curl_setopt($ch, CURLOPT_PROXY, '128.0.0.3');
curl_setopt($ch, CURLOPT_PROXYPORT, '8080');

After setting a proxy server, you will be able to perform the request using the curl_exec function. I.e.

$ch = curl_init($url);
$url = "http://brugbart.com/Examples/http-post.php";
curl_setopt($ch, CURLOPT_PROXY, '128.0.0.3');
curl_setopt($ch, CURLOPT_PROXYPORT, '8080');

// Perform the request, and save content to $result
$result = curl_exec($ch);
echo $result;

Setting cURL Proxy Type

cURL supports two proxy types, the default is HTTP, and the other option is SOCKS5. You can set the proxy type using the CURLOPT_PROXYTYPE option. I.e.

curl_setopt($ch, CURLOPT_PROXYTYPE, CURLPROXY_SOCKS5);

You really only need to set the type of the proxy, if you are not using a HTTP proxy.

Setting Authentication Method

As mentioned in the beginning of the tutorial, setting the authentication method of a proxy server can be done using the CURLOPT_HTTPAUTH option. To make this work properly, we will also need to provide a username and password for the proxy server, this is all accomplished in the below script, in which we are just using a BASIC authentication method.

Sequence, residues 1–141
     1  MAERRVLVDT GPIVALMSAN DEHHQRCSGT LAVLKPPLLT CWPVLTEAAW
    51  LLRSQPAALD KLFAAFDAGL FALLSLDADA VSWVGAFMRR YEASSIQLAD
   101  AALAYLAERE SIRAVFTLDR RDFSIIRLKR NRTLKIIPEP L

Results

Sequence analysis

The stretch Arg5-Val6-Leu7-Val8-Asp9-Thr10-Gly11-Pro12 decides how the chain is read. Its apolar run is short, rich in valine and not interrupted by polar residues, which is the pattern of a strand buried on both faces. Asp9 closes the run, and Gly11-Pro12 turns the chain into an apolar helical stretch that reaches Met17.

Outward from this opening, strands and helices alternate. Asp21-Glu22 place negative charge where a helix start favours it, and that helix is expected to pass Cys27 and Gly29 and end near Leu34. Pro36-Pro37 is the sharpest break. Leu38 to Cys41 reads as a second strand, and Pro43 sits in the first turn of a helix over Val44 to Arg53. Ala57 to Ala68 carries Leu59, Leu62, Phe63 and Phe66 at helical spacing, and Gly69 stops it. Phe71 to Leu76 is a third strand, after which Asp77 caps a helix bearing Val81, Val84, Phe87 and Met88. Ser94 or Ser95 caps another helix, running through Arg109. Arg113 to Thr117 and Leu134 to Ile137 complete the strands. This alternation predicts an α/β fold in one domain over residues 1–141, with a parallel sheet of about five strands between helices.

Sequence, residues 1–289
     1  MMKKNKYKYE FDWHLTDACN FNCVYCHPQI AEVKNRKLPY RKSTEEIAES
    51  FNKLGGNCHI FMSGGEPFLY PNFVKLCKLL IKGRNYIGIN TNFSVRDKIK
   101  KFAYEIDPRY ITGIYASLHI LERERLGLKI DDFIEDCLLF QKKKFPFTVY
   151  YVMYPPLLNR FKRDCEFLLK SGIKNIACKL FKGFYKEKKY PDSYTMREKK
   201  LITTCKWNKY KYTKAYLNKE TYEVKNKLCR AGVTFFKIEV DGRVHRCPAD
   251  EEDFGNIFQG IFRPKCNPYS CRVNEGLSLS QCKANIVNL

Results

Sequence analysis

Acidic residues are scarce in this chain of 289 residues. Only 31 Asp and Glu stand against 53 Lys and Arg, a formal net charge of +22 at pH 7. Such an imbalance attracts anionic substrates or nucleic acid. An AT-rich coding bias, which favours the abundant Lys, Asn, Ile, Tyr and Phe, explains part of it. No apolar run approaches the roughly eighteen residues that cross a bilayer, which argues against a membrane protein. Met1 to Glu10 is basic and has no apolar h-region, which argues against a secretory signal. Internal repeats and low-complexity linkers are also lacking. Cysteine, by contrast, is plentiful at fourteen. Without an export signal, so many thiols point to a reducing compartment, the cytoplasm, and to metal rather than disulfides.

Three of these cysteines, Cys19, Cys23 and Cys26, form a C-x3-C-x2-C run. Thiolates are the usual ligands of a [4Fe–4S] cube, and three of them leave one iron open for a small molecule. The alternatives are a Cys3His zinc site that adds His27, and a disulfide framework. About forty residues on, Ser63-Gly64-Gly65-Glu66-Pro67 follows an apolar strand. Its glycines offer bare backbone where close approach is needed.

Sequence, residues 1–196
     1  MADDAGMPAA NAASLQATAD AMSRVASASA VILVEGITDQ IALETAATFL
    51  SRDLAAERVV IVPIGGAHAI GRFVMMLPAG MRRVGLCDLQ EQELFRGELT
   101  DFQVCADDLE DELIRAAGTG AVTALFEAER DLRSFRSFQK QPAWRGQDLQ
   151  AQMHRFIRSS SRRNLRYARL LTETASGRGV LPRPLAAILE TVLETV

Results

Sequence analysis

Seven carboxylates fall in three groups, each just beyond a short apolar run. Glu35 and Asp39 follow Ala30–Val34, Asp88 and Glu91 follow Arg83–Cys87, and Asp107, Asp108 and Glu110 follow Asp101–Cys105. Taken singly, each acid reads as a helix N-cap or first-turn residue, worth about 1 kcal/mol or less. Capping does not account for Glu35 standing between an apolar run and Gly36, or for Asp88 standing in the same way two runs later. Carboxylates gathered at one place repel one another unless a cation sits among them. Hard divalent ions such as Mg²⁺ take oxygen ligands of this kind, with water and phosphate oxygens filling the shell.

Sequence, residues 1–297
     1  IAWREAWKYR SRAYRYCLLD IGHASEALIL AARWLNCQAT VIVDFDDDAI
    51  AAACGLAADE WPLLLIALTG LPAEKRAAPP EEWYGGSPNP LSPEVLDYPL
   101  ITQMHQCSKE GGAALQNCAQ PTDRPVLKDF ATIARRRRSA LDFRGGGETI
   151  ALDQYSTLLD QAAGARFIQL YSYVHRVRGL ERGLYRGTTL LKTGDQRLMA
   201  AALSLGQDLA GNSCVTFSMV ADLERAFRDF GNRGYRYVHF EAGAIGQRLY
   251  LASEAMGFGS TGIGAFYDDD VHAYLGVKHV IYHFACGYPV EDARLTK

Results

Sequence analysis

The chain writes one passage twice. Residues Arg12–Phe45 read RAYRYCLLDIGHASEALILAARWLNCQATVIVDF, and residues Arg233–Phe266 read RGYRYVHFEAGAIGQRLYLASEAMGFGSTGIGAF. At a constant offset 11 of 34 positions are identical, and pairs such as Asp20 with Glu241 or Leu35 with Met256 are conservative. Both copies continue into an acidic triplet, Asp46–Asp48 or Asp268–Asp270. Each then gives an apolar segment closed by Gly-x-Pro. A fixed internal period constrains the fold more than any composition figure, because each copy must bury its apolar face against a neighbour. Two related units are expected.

$ch = curl_init($url);
$url = "http://brugbart.com/Examples/http-post.php";
curl_setopt($ch, CURLOPT_PROXY, '128.0.0.3');
curl_setopt($ch, CURLOPT_PROXYPORT, '8080');

curl_setopt($ch, CURLOPT_HTTPAUTH, CURLAUTH_BASIC);

// The username and password
curl_setopt($ch, CURLOPT_PROXYUSERPWD, 'USERNAME:PASSWORD');

// Perform the request, and save content to $result
$result = curl_exec($ch);
echo $result;

Other authentication methods include the following:

  • CURLAUTH_BASIC
  • CURLAUTH_DIGEST
  • CURLAUTH_GSSNEGOTIATE
  • CURLAUTH_NTLM
  • CURLAUTH_ANY
  • CURLAUTH_ANYSAFE

Note.The vertical bar | (or) operator can be used to combine methods. If this is done, cURL will poll the server to see what methods it supports and pick the best.

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My name is Nohman Habib and I am a web developer with over 10 years of experience, programming in Joomla, Wordpress, WHMCS, vTiger and Hybrid Apps. My plan to start codingace.com is to share my experience and expertise with others. Here my basic area of focus is to post tutorials primarily on Joomla development, HTML5, CSS3 and PHP.

Nohman Habib